language of decision theory. So perhaps you can come back to this question
after reading Joyce's book.


OK. But honestly my feeling is that "decision" is a higher concept that
probabilities.




> Come on, I'm sure you see what I mean.  (Of course "functional substitution"
> is an interesting concept by itself. It would be just a slight exaggeration
> to say that the lambda calculus and even category theory has been invented
> for making that concept precise). In the uda frame, once the level of
> digital substitution has been chosen, a substitution is functional if it
> preserves the counterfactuals input/output relations of the thing which
> is substituted.

You claimed that the concept of causality is problematic. So how do you
define "counterfactuals input/output relations" without
reference to causality?


Imo, concept like "causality", "free-will", "decision", etc. are fundamental
and very interesting *high level psychological* notion.
The "counterfactuals input-output relations" are semantically defined by UD*
the running of all computations. But the "running" is itself defined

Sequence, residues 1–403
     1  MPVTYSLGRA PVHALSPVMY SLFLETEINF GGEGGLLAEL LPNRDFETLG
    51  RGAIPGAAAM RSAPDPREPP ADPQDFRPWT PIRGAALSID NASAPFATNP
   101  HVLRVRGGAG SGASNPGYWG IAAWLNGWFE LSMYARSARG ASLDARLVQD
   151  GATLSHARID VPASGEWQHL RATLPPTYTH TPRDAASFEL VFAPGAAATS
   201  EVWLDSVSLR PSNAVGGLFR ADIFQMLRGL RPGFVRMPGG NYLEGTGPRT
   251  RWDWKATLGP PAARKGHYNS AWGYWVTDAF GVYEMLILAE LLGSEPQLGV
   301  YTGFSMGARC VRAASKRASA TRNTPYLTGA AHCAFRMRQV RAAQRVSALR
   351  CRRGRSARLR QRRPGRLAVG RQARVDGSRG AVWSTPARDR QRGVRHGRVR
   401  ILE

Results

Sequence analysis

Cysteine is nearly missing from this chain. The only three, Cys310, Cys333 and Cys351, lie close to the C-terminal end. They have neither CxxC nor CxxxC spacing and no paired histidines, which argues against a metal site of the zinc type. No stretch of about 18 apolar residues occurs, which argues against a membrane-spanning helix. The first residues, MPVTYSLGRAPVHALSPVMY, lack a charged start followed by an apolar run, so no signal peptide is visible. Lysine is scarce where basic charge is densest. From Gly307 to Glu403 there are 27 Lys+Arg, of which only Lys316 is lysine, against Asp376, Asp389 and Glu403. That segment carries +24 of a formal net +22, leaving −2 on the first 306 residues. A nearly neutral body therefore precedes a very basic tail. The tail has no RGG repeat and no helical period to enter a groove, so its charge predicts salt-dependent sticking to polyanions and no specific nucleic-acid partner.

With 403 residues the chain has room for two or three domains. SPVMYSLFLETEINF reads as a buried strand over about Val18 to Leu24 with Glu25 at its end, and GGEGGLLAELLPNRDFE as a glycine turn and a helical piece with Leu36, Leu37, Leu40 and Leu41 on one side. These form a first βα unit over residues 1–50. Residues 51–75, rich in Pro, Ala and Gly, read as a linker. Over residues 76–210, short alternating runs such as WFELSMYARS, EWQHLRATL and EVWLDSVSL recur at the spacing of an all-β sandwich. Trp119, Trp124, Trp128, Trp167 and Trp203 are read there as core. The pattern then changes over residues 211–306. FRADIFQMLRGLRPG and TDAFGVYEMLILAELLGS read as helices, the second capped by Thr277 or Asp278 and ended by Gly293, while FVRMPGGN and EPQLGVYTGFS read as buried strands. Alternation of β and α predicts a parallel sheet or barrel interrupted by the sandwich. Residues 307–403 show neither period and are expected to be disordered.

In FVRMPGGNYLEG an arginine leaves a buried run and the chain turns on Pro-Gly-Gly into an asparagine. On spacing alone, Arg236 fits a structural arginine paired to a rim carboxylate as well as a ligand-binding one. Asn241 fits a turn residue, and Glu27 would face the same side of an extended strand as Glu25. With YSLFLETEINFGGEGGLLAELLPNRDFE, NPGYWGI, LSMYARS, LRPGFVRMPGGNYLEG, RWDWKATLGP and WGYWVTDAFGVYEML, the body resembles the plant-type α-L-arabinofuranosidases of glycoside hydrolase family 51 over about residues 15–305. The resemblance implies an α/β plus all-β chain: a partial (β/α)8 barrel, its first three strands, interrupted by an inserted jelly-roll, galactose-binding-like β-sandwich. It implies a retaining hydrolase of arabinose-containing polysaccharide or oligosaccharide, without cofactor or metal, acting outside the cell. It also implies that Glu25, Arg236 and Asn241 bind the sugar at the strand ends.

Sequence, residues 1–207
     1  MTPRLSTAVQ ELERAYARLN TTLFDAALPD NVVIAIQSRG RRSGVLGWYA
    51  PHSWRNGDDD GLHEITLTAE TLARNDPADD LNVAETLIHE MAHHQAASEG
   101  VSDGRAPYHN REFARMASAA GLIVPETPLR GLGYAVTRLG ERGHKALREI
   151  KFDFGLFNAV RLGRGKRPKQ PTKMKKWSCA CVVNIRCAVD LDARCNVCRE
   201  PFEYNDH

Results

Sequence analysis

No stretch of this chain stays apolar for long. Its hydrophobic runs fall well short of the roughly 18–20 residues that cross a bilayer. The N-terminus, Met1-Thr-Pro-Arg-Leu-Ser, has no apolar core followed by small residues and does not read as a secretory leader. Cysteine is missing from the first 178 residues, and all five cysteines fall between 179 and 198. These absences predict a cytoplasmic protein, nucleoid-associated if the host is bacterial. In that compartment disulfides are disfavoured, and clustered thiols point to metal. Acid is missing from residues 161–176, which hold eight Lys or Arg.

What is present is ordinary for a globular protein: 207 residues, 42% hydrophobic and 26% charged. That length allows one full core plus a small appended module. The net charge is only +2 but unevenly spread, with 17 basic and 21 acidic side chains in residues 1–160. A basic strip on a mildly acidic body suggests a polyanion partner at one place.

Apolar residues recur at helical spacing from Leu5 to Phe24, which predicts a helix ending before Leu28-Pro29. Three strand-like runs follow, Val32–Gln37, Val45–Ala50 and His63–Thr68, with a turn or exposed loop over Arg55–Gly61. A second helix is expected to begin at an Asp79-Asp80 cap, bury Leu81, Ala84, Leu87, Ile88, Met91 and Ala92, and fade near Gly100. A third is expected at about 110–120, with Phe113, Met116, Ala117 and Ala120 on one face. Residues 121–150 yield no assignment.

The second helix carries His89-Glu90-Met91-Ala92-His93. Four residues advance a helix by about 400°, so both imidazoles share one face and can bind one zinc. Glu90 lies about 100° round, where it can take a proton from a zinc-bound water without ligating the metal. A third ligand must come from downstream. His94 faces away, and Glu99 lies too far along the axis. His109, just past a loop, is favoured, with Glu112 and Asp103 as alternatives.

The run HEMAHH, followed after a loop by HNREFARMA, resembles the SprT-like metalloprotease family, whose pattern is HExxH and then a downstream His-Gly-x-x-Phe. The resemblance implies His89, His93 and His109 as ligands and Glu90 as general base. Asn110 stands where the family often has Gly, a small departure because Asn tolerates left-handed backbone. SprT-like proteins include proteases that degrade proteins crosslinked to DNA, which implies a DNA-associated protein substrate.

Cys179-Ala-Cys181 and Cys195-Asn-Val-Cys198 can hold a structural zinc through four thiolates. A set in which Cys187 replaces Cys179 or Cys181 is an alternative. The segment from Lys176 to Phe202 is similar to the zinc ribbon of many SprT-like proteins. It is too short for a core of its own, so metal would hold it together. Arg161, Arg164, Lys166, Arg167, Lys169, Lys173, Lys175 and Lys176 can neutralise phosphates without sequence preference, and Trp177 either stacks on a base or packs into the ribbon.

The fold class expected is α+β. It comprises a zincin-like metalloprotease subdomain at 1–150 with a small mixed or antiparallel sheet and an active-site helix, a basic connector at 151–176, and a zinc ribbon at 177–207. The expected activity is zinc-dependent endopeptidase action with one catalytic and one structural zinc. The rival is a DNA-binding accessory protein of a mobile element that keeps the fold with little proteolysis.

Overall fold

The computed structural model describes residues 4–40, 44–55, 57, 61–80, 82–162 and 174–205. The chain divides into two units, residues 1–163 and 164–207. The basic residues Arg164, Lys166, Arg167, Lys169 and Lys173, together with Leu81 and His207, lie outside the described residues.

in arithmetic, or in the minimal set of inference rules needed to formalize
notion of computation. This is confirmed partially by the formal similitude
of the Z logic and Lewis/Hardegree/Stalnaker quantum like approach of the
notion of relevance. It is also linked to the non-monotonic aspect of quantum
logic (cf hardegree). But the only low level notion of causality is the comp
approach is the classical material implication. A is a cause of B if A is false
or B is true. From this a pyramid of causality notion can (and must) evolve.
I'm not sure this can make sense if you have not an idea of the psycho/physics
comp reversal.



> I have written more in this list than I will ever be able to write in
> a paper. I have begin at least four papers; I don't know if I will
> finish them. "Our field" overlaps too much disciplines. Either the
> papers grow too much, or the paper became relatively incomprehensible.